God in Public– How the Bible Speaks Truth to Power Today
By Tom Wright
ISBN: 978-0-281-07423-5 paperback
Review by Douglas Balzer
God in Public: How the Bible Speaks Truth to Power Today by Tom (N.T.) Wright is a brilliant collection of lectures dealing with the issue of Christianity as a definitive influence holistically in the public environment of Western culture. If you have not heard of N.T. Wright before, he currently serves as a Research Professor and as the Chair of New Testament and Early Christianity at St. Mary’s College at the University of St. Andrews in Scotland, UK. He has been and is one of the leading voices moving working to advance Christianity within the Post-Christian and Post-Modern culture of the UK. He is the retired Bishop of Durham with the Anglican Church of England.
God in Public was recently released into the US market, 2016. It has been available in the UK market for about two years. The contents of this collection of lectures demonstrates the brilliance of Tom Wright as a semiotician and future thinker. If you are a student of Leonard Sweet, the style and content of Wright’s writing will resonate with you.
The lectures flow contextually and build upon each other preparing the reader for the development of the ultimate challenge Wright concludes. I highly recommend reading the preface of the book after you check out the chapter titles. The introduction explains the presence of some repetition found within the chapters, as well as sets up the flow of the content.
The feast began the moment I sat down and started reading. Wright practices what he preaches and teaches concerning style and technique in writing methods. His book is relatable and draws you in as a reader. For me, it was as if we were having a conversation about the critical issues faced by global Christianity, but especially within the Western cultural context. Wright’s point in publishing this collection of lectures is to “bring together the message of Jesus – in its larger biblical context – and the challenges of the contemporary public and political worlds.” He examines the current cultural paradigm of postmodernity and the deconstructive nature of this system of thinking. He notes that the secular model of modernity is struggling with the paradigm shift as secularism has worked through the Enlightenment to our modern times to thwart and replace Christianities grand narrative with it own, now, finds its narrative deconstructed. But, postmodernity does not have a story of its own to replace all the deconstructed narrative it has displaced leaving a void.
Wright presents that this is an opportunity for Christianity. Now is a time for a biblical challenge to postmodernity. Through the following chapters, he deals with the issues of the realms of influence both private and public. He deals with the problem of taking back the public sphere by having a public faith beyond a postmodern world into a post-postmodern world.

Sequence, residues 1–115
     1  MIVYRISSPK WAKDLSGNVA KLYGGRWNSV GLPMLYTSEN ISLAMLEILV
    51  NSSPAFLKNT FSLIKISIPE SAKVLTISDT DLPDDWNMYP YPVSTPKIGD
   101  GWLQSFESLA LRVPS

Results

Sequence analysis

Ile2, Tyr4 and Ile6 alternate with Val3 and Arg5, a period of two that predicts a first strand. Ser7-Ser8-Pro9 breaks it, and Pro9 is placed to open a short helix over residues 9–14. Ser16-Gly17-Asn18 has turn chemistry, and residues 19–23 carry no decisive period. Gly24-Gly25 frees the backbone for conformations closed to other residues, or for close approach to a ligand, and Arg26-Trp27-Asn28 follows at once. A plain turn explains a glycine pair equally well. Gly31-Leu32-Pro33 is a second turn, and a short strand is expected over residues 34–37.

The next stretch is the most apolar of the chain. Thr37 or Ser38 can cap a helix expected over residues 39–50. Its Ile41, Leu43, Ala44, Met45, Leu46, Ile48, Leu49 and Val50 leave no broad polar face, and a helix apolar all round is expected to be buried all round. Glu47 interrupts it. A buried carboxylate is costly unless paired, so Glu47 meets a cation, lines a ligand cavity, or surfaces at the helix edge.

He writes, “It is rather, that the Bible, and the Christian gospel point us, and indeed urge us, to be at the leading edge of the whole culture, articulating in story and music and art and philosophy and education and poetry and politics and theology, and even academic biblical studies, a worldview which will mount the historically rooted Christian challenge to both modernity and postmodernity, leading the way into the post-postmodern world with joy, humour and gentleness, with good judgment and true wisdom.”
In my observations about the church in the present postmodern paradigm is it has not done well in recognizing the shifts of paradigms and been tripped up within the process. As a futurist, Wright in this book is primarily working to prepare the church for the next cultural paradigm shift he refers to as the post-postmodern culture.
Wright begins the process of preparation by engaging the grand narrative of Christianity by introducing the significance of the conversation between Jesus and Pilate in John 18 and 19. Through his analysis, he draws both ancient and contemporary world into the interplay and then pointing to the Kingdom of God as being for this world in the person of Jesus. The emphasis being the argument that the King James Version mistranslates Jesus’ conversation with Pilate. Now, it is important not to give any spoilers here. I want to give you enough to encourage you to pick up this book and read it.
As a semiotician, Wright directs the reading by reminding us as a reader the importance of reading the “Signs of our time.” He engages a discourse on the issue of the power differential that exists in contemporary media, politicians, the public, religion, and corporate institutions. The greatest need is the ability not to be highjacked through intentional misrepresentation through the press. Tom notes the backlash the news media is receiving due to the practice of manipulating the narrative to fit what the political establishment desires. The lack of trust from the public is apparent. Throughout his lectures; he uses the Story as a manner to help develop the capacity to read the signs of the time. He gives the challenge to call Christians to be a voice in the culture, but not just any voice. He calls for a wise Christian voice to come to the table.
It feels like I have hardly scratched the surface of the depth of this book or given you a decent taste of the content. Yes, it is a compilation of previous lectures given over several years and in various contexts, but the cohesion draws together some of the best thoughts of Tom Wright on this critical issue of allowing the Bible to speak to the power today. As the church of Jesus Christ, Wright gives to us some remarkable advice, examples, and a challenge to become fully engaged in the public context while being wise as serpents, but gentle as doves.
I hope you find reading this book as stimulating and thought-provoking, as well as something that prompts you to action or activism. Blessings.